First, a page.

2008 was quite a year
2008 was quite a year and depending on your outlook on life, it was either one of the greatest years ever or one of the worst.
For those of you with a pessimistic outlook, things started off bad and got worse.
In early February an outbreak of tornados left 58 people dead, which was the deadliest set of storms in 23 years.
In late August and early September Hurricanes Gustav, Hanna and Ike batter the United States and several island nations leaving a combined death toll of 735 in five countries.
On September 15 Lehman Brothers tipped Americans off to the impending economic collapse when the financial institution filed for Chapter 11 bankruptcy protection.
A few weeks later, President Bush signs the Emergency Economic Stabilization Act – a controversial attempt to slow the economy's collapse – which earmarked $700 billion to help financial institutions.
And the year closes out with Israel bombing the Gaza Strip in the latest flare up of Middle Eastern turmoil.
Yes, there was plenty for pessimists in 2008.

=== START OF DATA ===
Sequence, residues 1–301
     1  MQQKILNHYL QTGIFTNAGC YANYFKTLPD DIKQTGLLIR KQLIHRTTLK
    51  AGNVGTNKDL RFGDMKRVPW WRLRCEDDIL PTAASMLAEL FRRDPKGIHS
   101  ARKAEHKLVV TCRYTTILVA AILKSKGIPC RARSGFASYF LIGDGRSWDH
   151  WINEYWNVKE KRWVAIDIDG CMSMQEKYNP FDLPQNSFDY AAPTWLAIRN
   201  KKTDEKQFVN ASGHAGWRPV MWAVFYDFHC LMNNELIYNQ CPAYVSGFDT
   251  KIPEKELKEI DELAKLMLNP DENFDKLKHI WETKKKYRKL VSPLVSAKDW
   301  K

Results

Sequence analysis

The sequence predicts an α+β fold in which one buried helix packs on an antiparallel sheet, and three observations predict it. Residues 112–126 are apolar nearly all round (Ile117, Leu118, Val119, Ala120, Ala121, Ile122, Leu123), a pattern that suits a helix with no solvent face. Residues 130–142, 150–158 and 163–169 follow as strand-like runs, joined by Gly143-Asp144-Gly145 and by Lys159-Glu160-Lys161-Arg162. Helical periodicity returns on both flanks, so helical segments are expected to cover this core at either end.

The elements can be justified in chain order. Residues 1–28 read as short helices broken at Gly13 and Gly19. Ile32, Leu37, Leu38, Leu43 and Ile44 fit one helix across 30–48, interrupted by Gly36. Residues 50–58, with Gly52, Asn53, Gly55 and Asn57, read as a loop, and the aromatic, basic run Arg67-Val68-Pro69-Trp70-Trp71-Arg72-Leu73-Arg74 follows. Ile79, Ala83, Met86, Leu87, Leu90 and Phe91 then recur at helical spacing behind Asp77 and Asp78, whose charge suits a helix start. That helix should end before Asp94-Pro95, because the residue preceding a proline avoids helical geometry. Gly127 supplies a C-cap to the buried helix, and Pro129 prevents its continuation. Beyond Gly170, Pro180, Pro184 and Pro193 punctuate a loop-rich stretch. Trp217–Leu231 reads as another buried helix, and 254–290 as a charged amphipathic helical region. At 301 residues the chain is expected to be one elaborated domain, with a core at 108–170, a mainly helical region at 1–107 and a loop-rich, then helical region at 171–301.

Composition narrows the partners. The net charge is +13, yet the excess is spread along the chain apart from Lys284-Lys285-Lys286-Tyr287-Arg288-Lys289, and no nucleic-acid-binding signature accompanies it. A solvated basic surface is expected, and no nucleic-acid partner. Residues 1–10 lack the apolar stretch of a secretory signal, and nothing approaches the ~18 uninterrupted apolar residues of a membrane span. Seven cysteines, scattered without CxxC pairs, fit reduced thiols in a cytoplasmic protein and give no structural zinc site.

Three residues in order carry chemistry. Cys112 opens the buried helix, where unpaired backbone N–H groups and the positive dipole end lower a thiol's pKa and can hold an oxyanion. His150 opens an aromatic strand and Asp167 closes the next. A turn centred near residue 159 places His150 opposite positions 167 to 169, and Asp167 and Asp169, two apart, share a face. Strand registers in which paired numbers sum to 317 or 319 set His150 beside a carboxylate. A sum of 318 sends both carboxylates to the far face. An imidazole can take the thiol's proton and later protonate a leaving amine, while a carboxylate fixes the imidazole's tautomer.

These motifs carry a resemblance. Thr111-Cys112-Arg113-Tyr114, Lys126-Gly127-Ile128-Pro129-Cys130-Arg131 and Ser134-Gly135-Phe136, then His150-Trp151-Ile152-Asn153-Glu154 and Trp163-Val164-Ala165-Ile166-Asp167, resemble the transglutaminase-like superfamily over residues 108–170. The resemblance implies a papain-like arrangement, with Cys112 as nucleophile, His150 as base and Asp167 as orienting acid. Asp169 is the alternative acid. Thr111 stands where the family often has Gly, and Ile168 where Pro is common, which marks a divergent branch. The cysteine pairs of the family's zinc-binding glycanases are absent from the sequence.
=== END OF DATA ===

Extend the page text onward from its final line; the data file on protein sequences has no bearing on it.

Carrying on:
On the other hand, there was quite a bit for those with optimistic natures as well.
After the national average price for a gallon of gasoline topped out at more than $4, the price has dropped to an impressive $1.60 per gallon.
In other words, you can fill up your tank for $15 now when only six months ago it would have cost you nearly $50.
It was a good year for strong anti-communists as Fidel Castro resigned as President of Cuba. Raul, his brother who is apparently less of a hard-line communist, takes office to replace him.
In April, surgeons at London's Moorfields Eye Hospital implant the world's first bionic eyes into a pair of blind patients.
Water, in the form of ice, was discovered on Mars – which could lead to future colonization of the planet.
For those who have wanted to see social change, 2008 was your year as Americans elected Barack Obama as the nation's first black president and Joe Biden as the nation's first Roman Catholic vice president.
Yes, 2008 has been an eventful year and 2009 will have its work cut out for it if it hopes to compete historically.